Let’s start with numbers. According to Linked In and Facebook respectively, there are 55 million & 350 million members at those two social networking sites. We are seeing more and more recruiters and hiring managers go to social media sites to view profiles before even ASKING for a “resume.” In this new job market reality, maybe it’s time for us to rethink how we define the term “resume.”
Resume is traditionally and widely defined as a “written document” that serves as a “brief account” including “career qualifications” usually transmitted as part of a job application. This definition is clearly rooted in a view of the business world that might not be as accurate today as it was even a few short years ago. Traditional resumes are – indeed – written documents we’ve handed out to people either in face-to-face meetings or by e-mail. Just a few years ago, job boards, like Monster and Career Builder permitted us to post a resume for prospective employers to find and download. That move to on-line accessibility represented a huge step away from paper only resumes. But we haven’t moved our definition of resume much beyond a definition bound by the limitations of distributing one resume at a time to one person at a time.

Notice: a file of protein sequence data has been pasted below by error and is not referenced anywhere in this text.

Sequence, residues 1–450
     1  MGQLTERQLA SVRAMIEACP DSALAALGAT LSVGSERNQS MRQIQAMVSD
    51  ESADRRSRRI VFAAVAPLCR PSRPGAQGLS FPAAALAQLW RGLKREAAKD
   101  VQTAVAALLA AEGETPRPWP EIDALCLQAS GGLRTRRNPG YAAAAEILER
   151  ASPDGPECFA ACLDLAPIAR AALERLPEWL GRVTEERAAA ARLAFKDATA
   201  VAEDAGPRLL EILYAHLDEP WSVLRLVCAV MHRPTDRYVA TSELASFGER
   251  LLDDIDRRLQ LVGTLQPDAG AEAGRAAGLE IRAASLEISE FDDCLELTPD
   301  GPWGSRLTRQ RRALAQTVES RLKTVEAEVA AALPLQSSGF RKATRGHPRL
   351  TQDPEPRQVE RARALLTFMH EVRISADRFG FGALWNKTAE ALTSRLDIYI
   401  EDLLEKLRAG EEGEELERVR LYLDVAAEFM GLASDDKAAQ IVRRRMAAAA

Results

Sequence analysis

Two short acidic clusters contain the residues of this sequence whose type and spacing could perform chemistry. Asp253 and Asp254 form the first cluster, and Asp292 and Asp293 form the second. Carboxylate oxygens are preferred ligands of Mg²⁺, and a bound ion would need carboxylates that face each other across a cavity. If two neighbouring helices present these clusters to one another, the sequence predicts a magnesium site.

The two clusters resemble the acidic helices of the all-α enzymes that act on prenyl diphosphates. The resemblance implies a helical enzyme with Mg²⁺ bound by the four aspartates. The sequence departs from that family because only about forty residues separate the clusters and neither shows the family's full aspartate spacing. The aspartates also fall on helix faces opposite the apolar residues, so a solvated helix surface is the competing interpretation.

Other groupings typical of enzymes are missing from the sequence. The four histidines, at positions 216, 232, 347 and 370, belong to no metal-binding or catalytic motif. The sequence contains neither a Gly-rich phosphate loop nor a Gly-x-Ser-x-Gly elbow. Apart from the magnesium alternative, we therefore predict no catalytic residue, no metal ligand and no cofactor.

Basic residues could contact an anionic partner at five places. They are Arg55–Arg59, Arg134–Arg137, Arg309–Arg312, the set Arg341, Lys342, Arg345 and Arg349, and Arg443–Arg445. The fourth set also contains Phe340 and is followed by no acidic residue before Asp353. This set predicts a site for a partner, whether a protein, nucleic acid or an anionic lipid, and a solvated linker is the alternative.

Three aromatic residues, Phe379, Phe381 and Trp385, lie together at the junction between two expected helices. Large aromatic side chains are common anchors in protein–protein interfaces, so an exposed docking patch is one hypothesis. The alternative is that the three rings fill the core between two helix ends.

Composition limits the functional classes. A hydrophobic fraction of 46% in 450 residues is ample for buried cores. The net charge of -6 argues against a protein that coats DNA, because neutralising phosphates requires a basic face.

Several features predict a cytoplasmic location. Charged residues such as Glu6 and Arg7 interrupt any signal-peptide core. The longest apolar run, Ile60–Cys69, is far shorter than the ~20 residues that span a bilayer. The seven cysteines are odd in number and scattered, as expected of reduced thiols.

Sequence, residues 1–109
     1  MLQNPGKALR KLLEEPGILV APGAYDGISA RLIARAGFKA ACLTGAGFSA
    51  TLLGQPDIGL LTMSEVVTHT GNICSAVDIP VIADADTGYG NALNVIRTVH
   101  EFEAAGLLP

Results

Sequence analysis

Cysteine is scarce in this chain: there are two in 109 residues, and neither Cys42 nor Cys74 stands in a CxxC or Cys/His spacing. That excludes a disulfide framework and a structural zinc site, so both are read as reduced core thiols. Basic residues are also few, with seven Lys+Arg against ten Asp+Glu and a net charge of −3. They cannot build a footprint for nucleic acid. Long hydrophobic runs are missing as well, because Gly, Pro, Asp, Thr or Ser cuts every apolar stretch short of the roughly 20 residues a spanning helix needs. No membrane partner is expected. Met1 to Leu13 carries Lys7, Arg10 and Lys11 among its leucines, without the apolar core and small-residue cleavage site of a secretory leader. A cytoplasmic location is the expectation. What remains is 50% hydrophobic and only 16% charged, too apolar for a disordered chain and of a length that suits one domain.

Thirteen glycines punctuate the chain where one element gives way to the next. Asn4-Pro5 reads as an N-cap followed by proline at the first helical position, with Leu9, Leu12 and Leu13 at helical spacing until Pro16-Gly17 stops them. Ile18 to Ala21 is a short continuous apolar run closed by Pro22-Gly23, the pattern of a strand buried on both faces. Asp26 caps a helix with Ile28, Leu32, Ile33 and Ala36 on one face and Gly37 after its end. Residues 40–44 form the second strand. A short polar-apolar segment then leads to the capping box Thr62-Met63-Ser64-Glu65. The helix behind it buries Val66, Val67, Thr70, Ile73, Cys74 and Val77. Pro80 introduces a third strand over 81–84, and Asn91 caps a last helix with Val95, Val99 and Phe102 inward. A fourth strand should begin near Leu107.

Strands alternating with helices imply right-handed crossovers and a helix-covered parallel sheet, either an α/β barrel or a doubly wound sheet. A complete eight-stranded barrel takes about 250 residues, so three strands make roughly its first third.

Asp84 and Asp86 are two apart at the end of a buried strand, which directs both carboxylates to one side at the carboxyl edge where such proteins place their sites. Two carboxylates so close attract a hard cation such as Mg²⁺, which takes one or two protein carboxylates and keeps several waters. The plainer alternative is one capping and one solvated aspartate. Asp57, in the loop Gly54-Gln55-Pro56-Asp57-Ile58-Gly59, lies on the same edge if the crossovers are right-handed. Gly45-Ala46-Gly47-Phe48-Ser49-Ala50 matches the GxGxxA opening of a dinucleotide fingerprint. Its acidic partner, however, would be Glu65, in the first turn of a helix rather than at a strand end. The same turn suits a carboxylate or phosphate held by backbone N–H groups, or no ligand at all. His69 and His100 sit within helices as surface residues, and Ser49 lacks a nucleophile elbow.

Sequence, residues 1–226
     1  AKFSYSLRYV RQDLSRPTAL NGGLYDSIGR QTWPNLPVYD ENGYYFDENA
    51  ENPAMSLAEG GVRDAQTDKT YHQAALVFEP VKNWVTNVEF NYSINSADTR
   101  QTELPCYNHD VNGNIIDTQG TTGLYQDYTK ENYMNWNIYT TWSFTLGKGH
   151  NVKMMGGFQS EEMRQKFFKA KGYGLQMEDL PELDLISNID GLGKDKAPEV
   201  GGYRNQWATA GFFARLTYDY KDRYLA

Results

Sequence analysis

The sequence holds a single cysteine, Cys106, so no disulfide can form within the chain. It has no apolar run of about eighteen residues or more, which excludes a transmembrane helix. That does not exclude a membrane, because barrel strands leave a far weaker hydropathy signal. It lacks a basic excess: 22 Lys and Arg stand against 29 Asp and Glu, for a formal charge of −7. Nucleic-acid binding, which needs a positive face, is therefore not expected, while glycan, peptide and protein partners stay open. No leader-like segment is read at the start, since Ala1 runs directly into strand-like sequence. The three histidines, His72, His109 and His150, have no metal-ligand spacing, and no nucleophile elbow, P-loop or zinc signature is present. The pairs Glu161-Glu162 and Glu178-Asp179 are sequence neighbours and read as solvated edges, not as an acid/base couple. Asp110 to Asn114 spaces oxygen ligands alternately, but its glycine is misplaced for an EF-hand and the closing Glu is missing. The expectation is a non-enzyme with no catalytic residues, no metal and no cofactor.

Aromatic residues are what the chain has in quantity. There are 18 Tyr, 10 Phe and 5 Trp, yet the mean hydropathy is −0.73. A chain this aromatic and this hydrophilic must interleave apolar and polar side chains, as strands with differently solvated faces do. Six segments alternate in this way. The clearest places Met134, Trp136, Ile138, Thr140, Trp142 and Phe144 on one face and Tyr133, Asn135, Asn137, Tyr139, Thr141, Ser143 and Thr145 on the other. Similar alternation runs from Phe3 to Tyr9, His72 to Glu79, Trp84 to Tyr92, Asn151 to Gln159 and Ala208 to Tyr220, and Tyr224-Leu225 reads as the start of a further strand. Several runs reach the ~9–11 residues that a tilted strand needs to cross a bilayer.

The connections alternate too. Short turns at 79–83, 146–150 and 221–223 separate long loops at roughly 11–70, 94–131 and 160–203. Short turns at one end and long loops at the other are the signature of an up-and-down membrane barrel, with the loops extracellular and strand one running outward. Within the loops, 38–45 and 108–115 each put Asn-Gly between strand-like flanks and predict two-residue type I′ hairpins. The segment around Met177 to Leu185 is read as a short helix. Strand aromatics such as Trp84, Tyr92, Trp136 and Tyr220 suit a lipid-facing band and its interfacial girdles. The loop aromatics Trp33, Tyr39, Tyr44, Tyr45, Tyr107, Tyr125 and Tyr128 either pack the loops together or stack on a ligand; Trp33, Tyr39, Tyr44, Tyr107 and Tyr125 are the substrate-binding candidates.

Social media changes everything. Really – everything in the current job search world. So – let’s try this as a definition of a resume for 2010:
Resume – a description of an individual’s career that defines that person’s personal and professional brand, qualifications, skills and accomplishments. It should be accessible on demand and in real time by an interested party, such as networking contacts, prospective employers or prospective clients.
What we need to do is recognize an important marketing principle related to career transition. It’s about going where your target audience is. The key audience for job seekers is on-line at places like Linked In and Facebook. Remember those numbers – 55 million (Linked In) and 350 million (Facebook)? Not every one of those people will be helpful recruiters, hiring managers or contacts at targeted organizations. But, you can bet your bottom dollar that more helpful recruiters, potential employers and great networking leads are there and reachable than you can reach with a traditional, one-at-a-time approach to resume circulation.
Are resumes – the traditional ones – dead? No. We will need to develop and maintain a well-written old-fashioned resume for the foreseeable future. But you also need a well-written new version of resumes – social media profiles – in the emerging and future market place. I am not advocating a technology is the only answer approach here. What I’m saying is that it’s critical to recognize that successful searches today require an effective, well-written, web-based presence. For some of us, that might mean our own web-pages, a blog and multiple social media profiles such as Linked In, Facebook and Twitter. For others, Linked In alone might be effective.
But none of us can afford to be absent from social media any longer.
Chris Osborn, BPI group